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Vistry stays upbeat on robust demand for new homes

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Demand for new homes is still strong despite rising interest rates and inflation, according to Vistry Group, the latest large housebuilder to downplay the effect of the UK’s economic slowdown on the property market.

The FTSE 250 housebuilder said in an update on Friday that demand from buyers was above last year’s already elevated levels and that it anticipated full-year profits at the top end of guidance.

The upbeat statement followed a similar announcement by FTSE 100 developer Persimmon on Thursday and contrasts with mounting fears about a housing market slowdown, precipitated by rising rates, inflation and fears of recession.

Those concerns have weighed on shares across the housebuilding sector in the past six months. Vistry’s share price is down by around 28 per cent over that period, Persimmon’s 34 per cent.

But Greg Fitzgerald, Vistry’s chief executive, said “whilst mindful of the wider economic uncertainties, we are positive on the outlook for the group.”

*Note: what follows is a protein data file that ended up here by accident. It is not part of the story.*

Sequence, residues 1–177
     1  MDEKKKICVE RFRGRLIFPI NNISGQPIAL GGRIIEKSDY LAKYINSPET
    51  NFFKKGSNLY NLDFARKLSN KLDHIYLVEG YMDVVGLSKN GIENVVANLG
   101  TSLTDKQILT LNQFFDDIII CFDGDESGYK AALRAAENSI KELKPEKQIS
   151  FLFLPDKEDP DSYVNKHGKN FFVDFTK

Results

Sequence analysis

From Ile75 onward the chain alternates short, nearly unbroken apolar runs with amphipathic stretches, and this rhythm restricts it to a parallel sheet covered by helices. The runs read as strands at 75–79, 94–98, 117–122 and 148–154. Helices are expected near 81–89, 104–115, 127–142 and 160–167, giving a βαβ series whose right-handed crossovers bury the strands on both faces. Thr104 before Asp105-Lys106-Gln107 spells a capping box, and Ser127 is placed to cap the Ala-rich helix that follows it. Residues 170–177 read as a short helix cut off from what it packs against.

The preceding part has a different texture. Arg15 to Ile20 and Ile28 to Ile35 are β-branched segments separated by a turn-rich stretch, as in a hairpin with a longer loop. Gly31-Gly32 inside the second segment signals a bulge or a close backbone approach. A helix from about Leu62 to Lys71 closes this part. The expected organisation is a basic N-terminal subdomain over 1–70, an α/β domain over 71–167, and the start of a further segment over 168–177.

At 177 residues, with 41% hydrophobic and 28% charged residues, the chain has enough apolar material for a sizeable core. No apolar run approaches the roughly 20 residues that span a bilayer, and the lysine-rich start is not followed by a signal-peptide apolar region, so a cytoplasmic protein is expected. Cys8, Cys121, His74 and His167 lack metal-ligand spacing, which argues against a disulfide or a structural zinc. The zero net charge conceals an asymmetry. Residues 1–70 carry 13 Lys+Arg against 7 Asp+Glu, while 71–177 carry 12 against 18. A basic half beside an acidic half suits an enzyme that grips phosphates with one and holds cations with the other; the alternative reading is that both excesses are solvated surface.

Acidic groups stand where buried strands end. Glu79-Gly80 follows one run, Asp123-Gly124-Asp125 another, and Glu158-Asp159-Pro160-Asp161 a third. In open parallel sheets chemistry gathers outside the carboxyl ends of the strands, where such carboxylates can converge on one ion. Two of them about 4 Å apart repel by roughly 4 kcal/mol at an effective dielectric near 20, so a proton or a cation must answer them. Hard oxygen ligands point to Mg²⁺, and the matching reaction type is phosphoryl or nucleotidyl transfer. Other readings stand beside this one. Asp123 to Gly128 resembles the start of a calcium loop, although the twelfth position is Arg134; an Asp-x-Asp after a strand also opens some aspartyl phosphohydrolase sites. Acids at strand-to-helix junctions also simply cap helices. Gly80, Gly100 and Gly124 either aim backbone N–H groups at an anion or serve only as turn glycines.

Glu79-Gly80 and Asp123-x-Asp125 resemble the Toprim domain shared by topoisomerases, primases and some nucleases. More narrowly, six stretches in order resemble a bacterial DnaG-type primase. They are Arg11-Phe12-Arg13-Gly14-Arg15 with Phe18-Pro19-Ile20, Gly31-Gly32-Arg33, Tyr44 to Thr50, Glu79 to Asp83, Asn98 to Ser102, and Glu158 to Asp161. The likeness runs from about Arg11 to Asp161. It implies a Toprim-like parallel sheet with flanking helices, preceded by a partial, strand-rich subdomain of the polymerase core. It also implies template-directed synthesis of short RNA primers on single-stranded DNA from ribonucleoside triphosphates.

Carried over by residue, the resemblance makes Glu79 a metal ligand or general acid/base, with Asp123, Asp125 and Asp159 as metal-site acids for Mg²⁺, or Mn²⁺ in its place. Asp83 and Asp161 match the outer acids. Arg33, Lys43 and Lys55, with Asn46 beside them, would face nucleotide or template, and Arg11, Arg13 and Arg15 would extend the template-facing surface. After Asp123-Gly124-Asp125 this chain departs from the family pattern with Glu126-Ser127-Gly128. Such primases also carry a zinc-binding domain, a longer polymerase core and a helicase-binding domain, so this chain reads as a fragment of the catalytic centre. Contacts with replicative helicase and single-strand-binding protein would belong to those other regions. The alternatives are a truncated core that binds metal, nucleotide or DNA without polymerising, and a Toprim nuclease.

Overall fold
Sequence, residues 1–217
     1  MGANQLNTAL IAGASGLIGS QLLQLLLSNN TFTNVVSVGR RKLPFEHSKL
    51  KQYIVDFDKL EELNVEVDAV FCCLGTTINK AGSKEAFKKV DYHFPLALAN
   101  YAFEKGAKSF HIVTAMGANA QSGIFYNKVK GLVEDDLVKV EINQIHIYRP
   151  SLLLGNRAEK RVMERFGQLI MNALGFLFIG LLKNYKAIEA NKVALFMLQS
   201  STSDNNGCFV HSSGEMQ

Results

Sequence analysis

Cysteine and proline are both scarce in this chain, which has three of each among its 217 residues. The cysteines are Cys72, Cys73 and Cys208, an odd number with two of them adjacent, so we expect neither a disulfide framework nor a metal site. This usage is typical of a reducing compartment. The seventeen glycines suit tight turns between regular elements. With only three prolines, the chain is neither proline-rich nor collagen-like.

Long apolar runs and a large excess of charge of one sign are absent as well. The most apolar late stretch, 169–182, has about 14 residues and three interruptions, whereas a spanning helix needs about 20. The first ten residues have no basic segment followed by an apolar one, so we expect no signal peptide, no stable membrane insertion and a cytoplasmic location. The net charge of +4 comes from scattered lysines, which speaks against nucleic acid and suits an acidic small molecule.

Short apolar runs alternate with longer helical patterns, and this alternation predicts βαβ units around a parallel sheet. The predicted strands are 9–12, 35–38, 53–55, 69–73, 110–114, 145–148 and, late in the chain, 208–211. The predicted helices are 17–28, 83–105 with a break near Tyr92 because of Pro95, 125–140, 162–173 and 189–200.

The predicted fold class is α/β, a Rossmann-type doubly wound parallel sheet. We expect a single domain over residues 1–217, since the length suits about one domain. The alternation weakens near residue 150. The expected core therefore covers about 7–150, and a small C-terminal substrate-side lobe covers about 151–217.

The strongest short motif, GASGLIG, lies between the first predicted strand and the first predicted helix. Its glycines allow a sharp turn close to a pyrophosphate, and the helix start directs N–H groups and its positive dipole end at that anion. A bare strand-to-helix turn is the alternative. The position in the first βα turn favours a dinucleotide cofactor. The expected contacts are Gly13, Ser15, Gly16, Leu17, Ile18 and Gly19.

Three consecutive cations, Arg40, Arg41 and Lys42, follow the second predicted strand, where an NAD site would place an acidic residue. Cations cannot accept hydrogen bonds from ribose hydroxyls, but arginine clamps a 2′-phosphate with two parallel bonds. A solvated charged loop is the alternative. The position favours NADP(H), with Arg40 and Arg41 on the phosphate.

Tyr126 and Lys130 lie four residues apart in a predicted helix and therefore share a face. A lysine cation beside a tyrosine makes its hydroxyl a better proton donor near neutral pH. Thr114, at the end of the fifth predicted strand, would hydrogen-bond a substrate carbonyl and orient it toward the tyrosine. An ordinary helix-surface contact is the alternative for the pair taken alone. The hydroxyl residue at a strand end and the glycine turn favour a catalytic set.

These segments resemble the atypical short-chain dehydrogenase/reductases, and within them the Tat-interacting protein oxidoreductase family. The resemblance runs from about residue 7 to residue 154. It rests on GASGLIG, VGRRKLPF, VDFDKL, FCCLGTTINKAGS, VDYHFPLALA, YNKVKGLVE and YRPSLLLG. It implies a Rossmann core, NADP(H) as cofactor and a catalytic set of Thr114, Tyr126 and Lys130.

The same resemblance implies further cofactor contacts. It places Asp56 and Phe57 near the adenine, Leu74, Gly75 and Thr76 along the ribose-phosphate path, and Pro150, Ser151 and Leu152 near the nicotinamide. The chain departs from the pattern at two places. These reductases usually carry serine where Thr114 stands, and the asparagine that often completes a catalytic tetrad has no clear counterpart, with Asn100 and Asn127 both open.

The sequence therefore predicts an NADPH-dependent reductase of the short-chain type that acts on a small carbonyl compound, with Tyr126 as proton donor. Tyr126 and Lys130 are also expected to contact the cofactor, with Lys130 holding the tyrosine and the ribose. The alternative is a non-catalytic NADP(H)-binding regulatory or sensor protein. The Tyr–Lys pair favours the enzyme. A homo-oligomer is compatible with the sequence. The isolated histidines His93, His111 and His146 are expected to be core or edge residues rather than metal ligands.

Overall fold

On Thursday, Persimmon said demand was unaffected by issues in the wider economy, and that it expected profits for the year to be “modestly above our expectations”.

Both builders are confident they can pass higher construction costs — which have resulted in part from the disruption to supply chains caused by the pandemic and war in Ukraine — on to consumers by raising property prices.

“The market is still pricing these stocks for a pretty sharp correction and there’s still no sign of it,” said Clyde Lewis, an analyst at Peel Hunt.

“The only real reason you could see that 30 drop [in shares] justified is if house prices start properly falling . . . The market is assuming too big a correction over the next 12-24 months,” he added.

Rising costs and an under-resourced planning system are likely to be bigger obstacles, according to Lewis.

Persimmon warned on Thursday that its ability to develop homes was being hampered by delays in the planning system and issues navigating new guidance from Natural England, which regulates the environmental impact of new homes. That was slowing the pace of construction, warned the group, and was ultimately likely to weigh on sales.

Lewis said little would change unless the government grasped the nettle by reforming the planning system or investing in local planning departments. “It’s a bottleneck and I can’t see it easing,” he said.

But addressing the planning system is a dim prospect in the short term. In one of his last acts before announcing he would resign on Thursday, prime minister Boris Johnson sacked housing secretary Michael Gove.

Johnson has since installed Greg Clark, a former housing secretary, to run the department, but few in the sector anticipate major policy announcements before a new Conservative leader is chosen later this year.

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